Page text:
The Transatlantic Trade and Investment Partnership (TTIP) is a prospective EU-US economic cooperation, still in ongoing negotiations. Similar to our former TTIP projects, this review is meant to provide all interested citizens with diverse information about the benefits, challenges, myths and facts surrounding the proposed partnership. The project is supported financially by the US Embassy in Berlin. Please see our TTIP Governance Rules regarding our editorial independence.

If you are looking for issue-specific information about TTIP, have a look at our TTIP Bibliography, which provides a categorized list of insightful articles about various topics within the TTIP debate. You can also browse through articles published on our website, categorized by the same TTIP topics: TTIP Analyses, Official Statements, Economic Projections, Geo-Strategic Arguments, Democracy and Transparency, Investor State Dispute Settlement (ISDS), Standards and Regulatory Cooperation, Effects on Small and Medium-Sized Enterprises, and Miscellaneous information about TTIP.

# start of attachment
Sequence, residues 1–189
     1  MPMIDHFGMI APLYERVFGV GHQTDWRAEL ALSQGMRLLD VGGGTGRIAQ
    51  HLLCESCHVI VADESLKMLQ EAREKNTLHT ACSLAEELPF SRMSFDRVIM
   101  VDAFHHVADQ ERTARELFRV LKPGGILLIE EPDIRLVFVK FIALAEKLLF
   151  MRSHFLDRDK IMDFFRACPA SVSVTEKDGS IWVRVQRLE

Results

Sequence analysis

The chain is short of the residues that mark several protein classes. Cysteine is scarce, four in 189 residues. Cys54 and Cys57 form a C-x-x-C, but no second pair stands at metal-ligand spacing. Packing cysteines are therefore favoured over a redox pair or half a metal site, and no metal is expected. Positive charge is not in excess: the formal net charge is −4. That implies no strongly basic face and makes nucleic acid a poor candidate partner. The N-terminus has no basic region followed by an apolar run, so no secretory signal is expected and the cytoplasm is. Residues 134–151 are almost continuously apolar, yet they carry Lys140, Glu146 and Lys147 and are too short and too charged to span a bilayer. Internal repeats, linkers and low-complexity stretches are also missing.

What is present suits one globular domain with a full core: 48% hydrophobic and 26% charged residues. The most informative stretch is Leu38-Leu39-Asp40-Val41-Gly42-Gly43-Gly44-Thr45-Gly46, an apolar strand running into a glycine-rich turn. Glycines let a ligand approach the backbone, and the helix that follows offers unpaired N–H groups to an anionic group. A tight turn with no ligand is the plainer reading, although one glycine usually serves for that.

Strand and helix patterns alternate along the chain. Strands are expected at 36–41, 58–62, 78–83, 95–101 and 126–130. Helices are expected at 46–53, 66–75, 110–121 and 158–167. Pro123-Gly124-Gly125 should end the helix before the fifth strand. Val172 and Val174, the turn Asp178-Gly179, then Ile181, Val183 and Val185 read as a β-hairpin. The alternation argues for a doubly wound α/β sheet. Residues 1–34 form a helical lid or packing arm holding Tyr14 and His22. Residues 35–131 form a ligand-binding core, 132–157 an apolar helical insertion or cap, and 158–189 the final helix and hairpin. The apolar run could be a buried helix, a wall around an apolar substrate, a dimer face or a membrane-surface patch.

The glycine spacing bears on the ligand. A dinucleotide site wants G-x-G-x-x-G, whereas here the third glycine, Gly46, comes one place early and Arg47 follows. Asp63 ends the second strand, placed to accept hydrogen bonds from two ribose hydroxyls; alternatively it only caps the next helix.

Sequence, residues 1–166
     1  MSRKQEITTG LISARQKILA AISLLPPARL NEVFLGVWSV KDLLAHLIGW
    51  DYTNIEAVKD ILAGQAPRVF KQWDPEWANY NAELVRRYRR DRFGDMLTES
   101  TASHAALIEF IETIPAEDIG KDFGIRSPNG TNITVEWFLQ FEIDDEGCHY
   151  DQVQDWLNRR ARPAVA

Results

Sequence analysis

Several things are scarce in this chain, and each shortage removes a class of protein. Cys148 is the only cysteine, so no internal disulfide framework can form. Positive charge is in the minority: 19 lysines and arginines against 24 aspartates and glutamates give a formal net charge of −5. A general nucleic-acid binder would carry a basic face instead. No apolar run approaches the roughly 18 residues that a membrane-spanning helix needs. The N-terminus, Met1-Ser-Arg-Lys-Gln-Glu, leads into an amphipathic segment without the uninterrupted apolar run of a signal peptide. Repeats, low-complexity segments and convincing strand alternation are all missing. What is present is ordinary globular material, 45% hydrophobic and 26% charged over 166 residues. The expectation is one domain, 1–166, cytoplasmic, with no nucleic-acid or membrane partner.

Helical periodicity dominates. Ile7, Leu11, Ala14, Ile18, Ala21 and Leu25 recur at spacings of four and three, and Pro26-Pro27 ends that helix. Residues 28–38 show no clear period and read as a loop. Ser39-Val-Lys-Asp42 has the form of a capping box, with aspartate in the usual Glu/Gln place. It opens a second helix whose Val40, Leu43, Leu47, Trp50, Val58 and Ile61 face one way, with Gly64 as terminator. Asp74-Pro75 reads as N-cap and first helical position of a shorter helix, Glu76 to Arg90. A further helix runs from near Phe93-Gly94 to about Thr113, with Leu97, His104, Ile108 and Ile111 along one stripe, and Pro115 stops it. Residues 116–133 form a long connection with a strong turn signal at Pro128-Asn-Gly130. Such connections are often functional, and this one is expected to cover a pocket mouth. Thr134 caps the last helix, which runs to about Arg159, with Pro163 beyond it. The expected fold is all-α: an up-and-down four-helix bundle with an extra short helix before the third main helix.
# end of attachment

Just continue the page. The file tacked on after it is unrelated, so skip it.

Additional TTIP Review content in German is available here.

We further invite you to join the to receive our newsletter, which features TTIP articles, as well as other information regarding transatlantic relations.

Our last TTIP project concluded with the report How to Save TTIP and the Atlantic Memo 48.

TTIP Bibliography

We are presenting thoughtful analyses from think tank, government and media outlets representing both positive and negative opinions on the following topics: Economic Projections, Official Statements, Geo-Strategic arguments about TTIP, the controversy over ISDS, Democracy and Transparency, Standards and Regulatory Cooperation and conflicting opinions about the effects of TTIP on SMEs. Have a look at our updated recommendations for informative articles about TTIP. View


A major issue in the TTIP debate pertains to small and medium-sized enterprises (SMEs) and whether they will really benefit from the free trade agreement or rather be overshadowed even more by large companies. Official EU and US publications insist that TTIP will reduce policy and language barriers, as well as currency risks currently impeding SMEs to export across the Atlantic. Still, issues such as rule of origin regulation pose a particularly difficult barrier to easing market accessibility for SMEs. View